The Pi-Rack

I recently acquired a low-end 3d printer (0.3mm extrusion head) and after a few practice prints I decided to put my new skills to the test. I wanted to create a Raspberry Pi case, but I thought that would be a little boring. So the idea I settled on was creating something akin to a blade server - an enclosure that takes care of power and lan distribution, that houses several Pis. Overkill? Absolutely!

Armed with $10 calipers, a few RasPis to measure, and Sketchup Make, I created the Raspberry Pi Rack!

I posted many more photos, and even the source 3d model files you want to print your own, over on Hackaday - check it out! The bill of materials isn't crazy either:

  • Under 1lb of PLA fillament
  • 4x 1/4" by 6" threaded rods from Lowes
  • 16x 1/4" lock nuts
  • 8x 1/4" wing nugs (for easy disassembly - can absolutely be replaced with lock nuts for a more permanent assembly)
  • 24x 1/4" by 1/2" nylon washers
  • 1x male molex connector (I salvaged mine from computer fan parts)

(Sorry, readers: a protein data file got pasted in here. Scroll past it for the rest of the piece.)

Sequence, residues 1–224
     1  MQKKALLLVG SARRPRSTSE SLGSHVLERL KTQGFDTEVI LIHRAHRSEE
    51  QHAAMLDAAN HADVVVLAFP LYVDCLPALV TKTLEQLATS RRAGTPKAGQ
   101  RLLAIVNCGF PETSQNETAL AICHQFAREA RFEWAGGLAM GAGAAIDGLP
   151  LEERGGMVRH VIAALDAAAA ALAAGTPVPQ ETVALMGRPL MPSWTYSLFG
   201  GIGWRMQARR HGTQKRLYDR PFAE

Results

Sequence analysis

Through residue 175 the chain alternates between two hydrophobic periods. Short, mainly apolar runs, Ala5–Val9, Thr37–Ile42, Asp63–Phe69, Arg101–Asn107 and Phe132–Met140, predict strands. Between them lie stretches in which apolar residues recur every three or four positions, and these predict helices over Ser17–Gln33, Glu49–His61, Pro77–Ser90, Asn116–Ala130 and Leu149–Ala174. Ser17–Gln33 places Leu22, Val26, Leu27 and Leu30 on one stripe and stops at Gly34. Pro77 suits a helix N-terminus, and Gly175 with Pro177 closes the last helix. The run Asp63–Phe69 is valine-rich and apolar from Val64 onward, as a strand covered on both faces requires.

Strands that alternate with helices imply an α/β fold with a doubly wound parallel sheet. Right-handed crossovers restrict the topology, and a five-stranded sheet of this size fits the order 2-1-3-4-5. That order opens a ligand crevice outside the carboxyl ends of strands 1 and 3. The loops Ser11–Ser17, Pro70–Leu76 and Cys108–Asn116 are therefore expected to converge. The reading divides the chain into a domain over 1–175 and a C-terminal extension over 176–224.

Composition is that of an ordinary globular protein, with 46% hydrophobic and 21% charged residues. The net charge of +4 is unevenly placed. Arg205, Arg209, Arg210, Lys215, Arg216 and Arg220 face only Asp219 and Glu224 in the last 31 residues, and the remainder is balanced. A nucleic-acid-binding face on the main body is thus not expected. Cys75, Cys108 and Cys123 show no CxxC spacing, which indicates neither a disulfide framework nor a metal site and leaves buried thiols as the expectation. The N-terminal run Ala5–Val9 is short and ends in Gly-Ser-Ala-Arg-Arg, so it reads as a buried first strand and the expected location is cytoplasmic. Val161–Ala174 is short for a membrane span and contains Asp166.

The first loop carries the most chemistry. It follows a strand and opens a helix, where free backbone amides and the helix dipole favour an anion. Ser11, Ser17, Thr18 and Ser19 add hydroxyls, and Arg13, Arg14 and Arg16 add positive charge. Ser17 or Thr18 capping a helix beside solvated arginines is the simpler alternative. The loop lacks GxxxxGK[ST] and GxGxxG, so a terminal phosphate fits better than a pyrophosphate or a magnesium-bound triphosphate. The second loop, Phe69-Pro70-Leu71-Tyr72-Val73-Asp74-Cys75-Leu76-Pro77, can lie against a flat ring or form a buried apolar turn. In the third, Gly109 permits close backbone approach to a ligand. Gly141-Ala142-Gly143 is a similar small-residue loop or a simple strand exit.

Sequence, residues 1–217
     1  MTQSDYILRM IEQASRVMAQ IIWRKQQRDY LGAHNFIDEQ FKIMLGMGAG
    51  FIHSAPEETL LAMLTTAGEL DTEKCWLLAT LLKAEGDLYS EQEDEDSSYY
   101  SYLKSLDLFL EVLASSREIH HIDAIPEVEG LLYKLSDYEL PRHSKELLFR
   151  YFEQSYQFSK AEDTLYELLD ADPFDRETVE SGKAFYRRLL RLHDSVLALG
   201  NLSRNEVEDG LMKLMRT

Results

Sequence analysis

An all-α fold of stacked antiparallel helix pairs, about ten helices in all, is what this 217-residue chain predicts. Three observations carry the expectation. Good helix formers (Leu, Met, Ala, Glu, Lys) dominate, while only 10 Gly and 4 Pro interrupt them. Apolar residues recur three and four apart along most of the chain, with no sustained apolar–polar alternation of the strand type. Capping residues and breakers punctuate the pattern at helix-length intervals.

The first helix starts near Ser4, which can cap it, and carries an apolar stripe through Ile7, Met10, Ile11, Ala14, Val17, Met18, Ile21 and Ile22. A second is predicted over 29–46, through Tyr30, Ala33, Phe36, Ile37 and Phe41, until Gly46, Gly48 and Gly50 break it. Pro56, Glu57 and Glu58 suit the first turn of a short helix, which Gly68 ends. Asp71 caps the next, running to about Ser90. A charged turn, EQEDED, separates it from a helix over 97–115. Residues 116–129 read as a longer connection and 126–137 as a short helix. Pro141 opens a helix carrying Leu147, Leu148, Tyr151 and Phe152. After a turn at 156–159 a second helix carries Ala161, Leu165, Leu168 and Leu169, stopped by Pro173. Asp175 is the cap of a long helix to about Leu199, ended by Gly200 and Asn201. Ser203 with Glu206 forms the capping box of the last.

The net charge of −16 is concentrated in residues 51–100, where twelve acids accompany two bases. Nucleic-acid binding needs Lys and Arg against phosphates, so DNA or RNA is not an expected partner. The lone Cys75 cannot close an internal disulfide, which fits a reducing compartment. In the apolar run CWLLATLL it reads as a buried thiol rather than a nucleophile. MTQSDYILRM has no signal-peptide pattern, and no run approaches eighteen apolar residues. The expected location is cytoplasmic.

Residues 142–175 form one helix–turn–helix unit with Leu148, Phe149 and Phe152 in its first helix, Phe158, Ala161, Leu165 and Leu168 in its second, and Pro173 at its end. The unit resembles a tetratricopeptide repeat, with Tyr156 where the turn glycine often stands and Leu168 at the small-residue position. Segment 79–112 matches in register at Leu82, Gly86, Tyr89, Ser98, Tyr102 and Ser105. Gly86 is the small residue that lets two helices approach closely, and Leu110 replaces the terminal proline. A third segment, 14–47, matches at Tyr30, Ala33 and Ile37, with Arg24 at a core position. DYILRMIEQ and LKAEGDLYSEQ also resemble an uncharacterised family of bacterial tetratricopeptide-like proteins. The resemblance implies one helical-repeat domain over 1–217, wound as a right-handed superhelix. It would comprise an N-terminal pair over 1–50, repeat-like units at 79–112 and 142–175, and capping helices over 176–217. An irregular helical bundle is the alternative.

• 1x prototype board
  • 1x 6-pin SIP header
  • 1x 6-pin SIP header, 90º angle
  • 2x 6-pin SIP header, straight
  • 12x M to F breadboard jumper
  • 12x F to F breadboard jumpers
  • 5 volt Ethernet switch
  • 3x screw + nut sets (these are to secure the switch, I can't recall what I used. Something like a M3x15mm screw).
  • 12x RJ45 (ethernet) headers
  • Cat5/e cable (a couple feet should do the trick).
  • ATX power supply. Any desktop computer has one of these.

Not counting the Raspberry Pis, all the supplies come in easily under $100. Not bad. Happy hacking!

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